You are using an outdated browser. Please upgrade your browser to improve your experience.

You are using an outdated browser.

To ensure optimal security, this website will soon be unavailable on this browser. Please upgrade your browser to allow continued use of ACP websites.

You are here

ACP Interns Tackle Health Policy Issues in Nation's Capital

Program aims to plant the seeds of advocacy early in physicians' careers

The American College of Physicians gives a resident and a medical student a dose of health policy advocacy, Washington, D.C.-style, each year in a month-long internship -- a chance to learn the legislative ropes and be introduced to life inside the Beltway.

HuerterThe latest interns -- Dr. Mary Huerter, an internal medicine resident at the University of Nebraska Medical Center in Omaha, and Graeme Williams, a medical student at Temple University in Philadelphia -- "were exceptionally busy," said Hilary Daniel, program coordinator for the internship. "They were only actually in the office for a full day twice. All the other times they were out on the Hill, at an event, at a briefing, or at a congressional hearing."

"The purpose of the program is to get medical students and residents interested in health policy and advocacy and hopefully grow physicians who will be active in the ACP, and health policy and advocacy throughout their careers," Daniel said. "In addition to trekking through meetings and briefings, the interns also had to research and prepare background materials on health policy issues."

Huerter, who researched health policy issues around vaccine exemption, said the internship "changed the trajectory of my career."

She said she was intimidated at first, because her intensive medical training hadn't included policy training. But as she did her research and attended briefings about a range of issues, from obesity to drug costs, she came to view policy advocacy as part of her professional future.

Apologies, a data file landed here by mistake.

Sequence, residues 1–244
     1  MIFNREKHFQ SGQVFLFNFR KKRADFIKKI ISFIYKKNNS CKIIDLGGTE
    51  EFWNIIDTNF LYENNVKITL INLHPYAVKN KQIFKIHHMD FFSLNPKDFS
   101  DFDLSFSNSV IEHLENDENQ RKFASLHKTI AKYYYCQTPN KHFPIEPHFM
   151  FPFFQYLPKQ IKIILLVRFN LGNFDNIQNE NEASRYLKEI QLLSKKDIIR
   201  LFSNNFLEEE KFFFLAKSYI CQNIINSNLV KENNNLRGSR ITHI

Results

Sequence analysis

Williams felt similarly.

Williams"One of the most valuable experiences I had was researching and writing an informational memo for the Health and Public Policy Committee," Williams said. The committee needed to update a seven-year-old paper on the use of medical marijuana, and Williams was charged with researching the original position as well as recent research and information.

Attending a Senate Finance Committee meeting about the impact of advanced comorbidities on Medicare costs also stands out among Williams's Washington experiences, saying he was interested to hear the perspectives of leadership from the Centers for Medicare and Medicaid Services and MedPAC, as well as the questions from senators.

"What was frustrating, though, was to see how easy it is for the clinical doctor-patient relationship to be lost in these discussions," Williams said.

Huerter said she believes this is a critical time for physicians to become active in policy development.

"People want doctor's voices, they want to know what physicians think, how we define quality care, and how policy changes affect us and our patients," she said.

In addition to attending meetings and researching health policies, Huerter and Williams also developed a presentation for medical students who attended ACP's Leadership Day events, when members from across the country come to Washington for briefings and meetings with legislators. Their presentation highlighted the importance of advocacy for physicians.

Those interested in an internship next spring can begin submitting materials -- including a CV, letters of reference, a personal essay, and a health policy essay -- in August.

More Information

Details on the health policy internship are available on the ACP website.

healthday logo